Scott, (Sir) Walter

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SCOTT, (Sir) Walter

Nationality: Scottish. Born: Edinburgh, 15 August 1771; spent part of his childhood in the Border country. Education: The High School, Edinburgh; University of Edinburgh; studied law: admitted to the Faculty of Advocates, 1792. Family: Married Charlotte Charpentier in 1797 (died 1826); four children. Career: Sheriff-depute of Selkirkshire, 1799-1832; joined James Ballantyne in 1804 as a partner in his printing company which went bankrupt in 1826, involving Scott in the discharge of its debts for the rest of his life; clerk of the Court of Session, 1806-30; helped found the Quarterly Review, 1809; built and lived at Abbotsford from 1812; founding president, Bannatyne Club, 1823. Awards: Created a baronet, 1820. Died: 21 September 1832.



Poetical Works, edited by J. G. Lockhart. 12 vols., 1833-34; edited by J. Logie Robertson, 1904.

Miscellaneous Prose Works, edited by J. G. Lockhart. 28 vols., 1834-36; 2 additional vols., 1871.

Short Stories. 1934.

Selected Poems, edited by Thomas Crawford. 1972.

The Works of Sir Walter Scott: With an Introduction and Bibliography. 1995.

Short Stories

Tales of the Crusaders (The Betrothed, The Talisman). 1825.

Chronicles of the Canongate: First Series: The Highland Widow, The Two Drovers, The Surgeon's Daughter. 1827; Second Series: The Fair Maid of Perth, 1828.


Waverley; or, "Tis Sixty Years Since. 1814; edited by ClaireLamont, 1981.

Guy Mannering; or, The Astrologer. 1815.

The Antiquary. 1816.

The Black Dwarf, Old Mortality. 1816; Old Mortality edited by Angus Calder, 1975.

Rob Roy. 1817.

The Heart of Mid-Lothian. 1818; edited by Claire Lamont, 1982.

The Bride of Lammermoor; A Legend of Montrose. 1819.

Ivanhoe: A Romance. 1819.

The Monastery. 1820.

The Abbot; or, The Heir of Avenel. 1820.

Kenilworth: A Romance. 1821; edited by David Daiches, 1966.

The Pirate. 1821.

The Fortunes of Nigel. 1822.

Peveril of the Peak. 1823.

Quentin Durward. 1823; edited by M.W. Thomas and G. Thomas, 1966.

St. Ronan's Well. 1823.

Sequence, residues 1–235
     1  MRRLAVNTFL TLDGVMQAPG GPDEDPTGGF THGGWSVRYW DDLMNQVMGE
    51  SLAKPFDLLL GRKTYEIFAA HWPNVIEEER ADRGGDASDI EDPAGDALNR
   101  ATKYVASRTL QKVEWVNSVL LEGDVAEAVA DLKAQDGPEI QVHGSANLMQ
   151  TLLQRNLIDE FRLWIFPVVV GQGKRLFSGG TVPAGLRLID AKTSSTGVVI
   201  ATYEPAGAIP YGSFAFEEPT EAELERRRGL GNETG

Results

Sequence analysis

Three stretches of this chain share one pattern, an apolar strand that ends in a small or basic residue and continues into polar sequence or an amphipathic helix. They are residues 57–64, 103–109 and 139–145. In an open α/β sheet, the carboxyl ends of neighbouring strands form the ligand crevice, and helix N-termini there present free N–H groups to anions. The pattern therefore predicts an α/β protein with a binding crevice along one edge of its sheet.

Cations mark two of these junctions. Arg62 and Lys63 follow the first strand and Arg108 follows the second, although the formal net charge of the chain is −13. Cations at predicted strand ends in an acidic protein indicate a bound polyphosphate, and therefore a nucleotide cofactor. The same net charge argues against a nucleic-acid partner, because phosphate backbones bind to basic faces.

Redgauntlet: A Tale of the Eighteenth Century. 1824; edited by Kathryn Sutherland, 1985.

Woodstock; or, The Cavalier. 1826.

My Aunt Margaret's Mirror, The Tapestried Chamber, Death of the Laird's Jock, A Scene at Abbotsford. 1829.

Anne of Geierstein; or, The Maiden of the Mist. 1829.

Waverley Novels (Scott's final revision). 48 vols., 1829-33.

Count Robert of Paris, Castle Dangerous. 1832.


Goetz of Berlichingen, with The Iron Hand, by Goethe. 1799.

Guy Mannering; or, The Gipsy's Prophecy, with Daniel Terry, music by Henry Bishop and others, from the novel by Scott (produced 1816). 1816.

Halidon Hill: A Dramatic Sketch from Scottish History. 1822.

MacDuff's Cross, in A Collection of Poems, edited by JoannaBaillie. 1823.

The House of Aspen (produced 1829). In Poetical Works, 1830.

Auchindrane; or, The Ayrshire Tragedy (produced 1830). In The Doom of Devorgoil: Auchindrane, 1830.

The Doom of Devorgoil: A Melo-Drama; Auchindrane; or, The Ayrshire Tragedy. 1830.


The Chase, and William and Helen: Two Ballads from the German of Gottfried Augustus Bürger. 1796.

The Eve of Saint John: A Border Ballad. 1800.

The Lay of the Last Minstrel. 1805.

Ballads and Lyrical Pieces. 1806.

Marmion: A Tale of Flodden Field. 1808.

The Lady of the Lake. 1810.

The Vision of Don Roderick. 1811.

Rokeby. 1813.

The Bridal of Triermain; or, The Vale of St. John, in Three Cantos. 1813.

The Lord of the Isles. 1815.

The Field of Waterloo. 1815.

The Ettrick Garland, Being Two Excellent New Songs, with JamesHogg. 1815.

Harold the Dauntless. 1817.

New Love-Poems, edited by Davidson Cook. 1932.


Paul's Letters to His Kinsfolk. 1816.

The Visionary. 1819.

Provincial Antiquities of Scotland. 2 vols., 1826.

The Life of Napoleon Buonaparte: Emperor of the French, with a Preliminary View of the French Revolution. 9 vols., 1827.

Tales of a Grandfather, Being Stories Taken from Scottish History.9 vols., 1827-29.

Miscellaneous Prose Works. 6 vols., 1827.

Religious Discourses by a Layman. 1828.

The History of Scotland. 2 vols., 1829-30.

Letters on Demonology and Witchcraft. 1830.

Tales of a Grandfather, Being Stories Taken from the History of France. 3 vols., 1830.

Letters Addressed to Rev. R. Polwhele, D. Gilbert, F. Douce. 1832.

Letters Between James Ellis and Scott. 1850.

Journal 1825-32, edited by D. Douglas. 2 vols., 1890; edited by W.E. K. Anderson, 1972.

Familiar Letters, edited by D. Douglas. 2 vols., 1894.

The Letters of Scott and Charles Kirkpatrick Sharpe to Robert Chambers, 1821-45. 1903.

The Private Letter-Books, edited by W. Partington. 1930.

Sir Walter's Postbag: More Stories and Sidelights from the Collection in the Brotherton Library, edited by W. Partington. 1932.

Some Unpublished Letters from the Collection in the Brotherton Library, edited by J. A. Symington. 1932.

The Letters, edited by Herbert Grierson. 12 vols., 1932-37; notes and index by James C. Corson, 1979.

The Correspondence of Scott and Charles Robert Maturin, edited by F. E. Ratchford and W. H. McCarthy. 1937.

Private Letters of the Seventeenth Century, edited by D. Grant. 1948.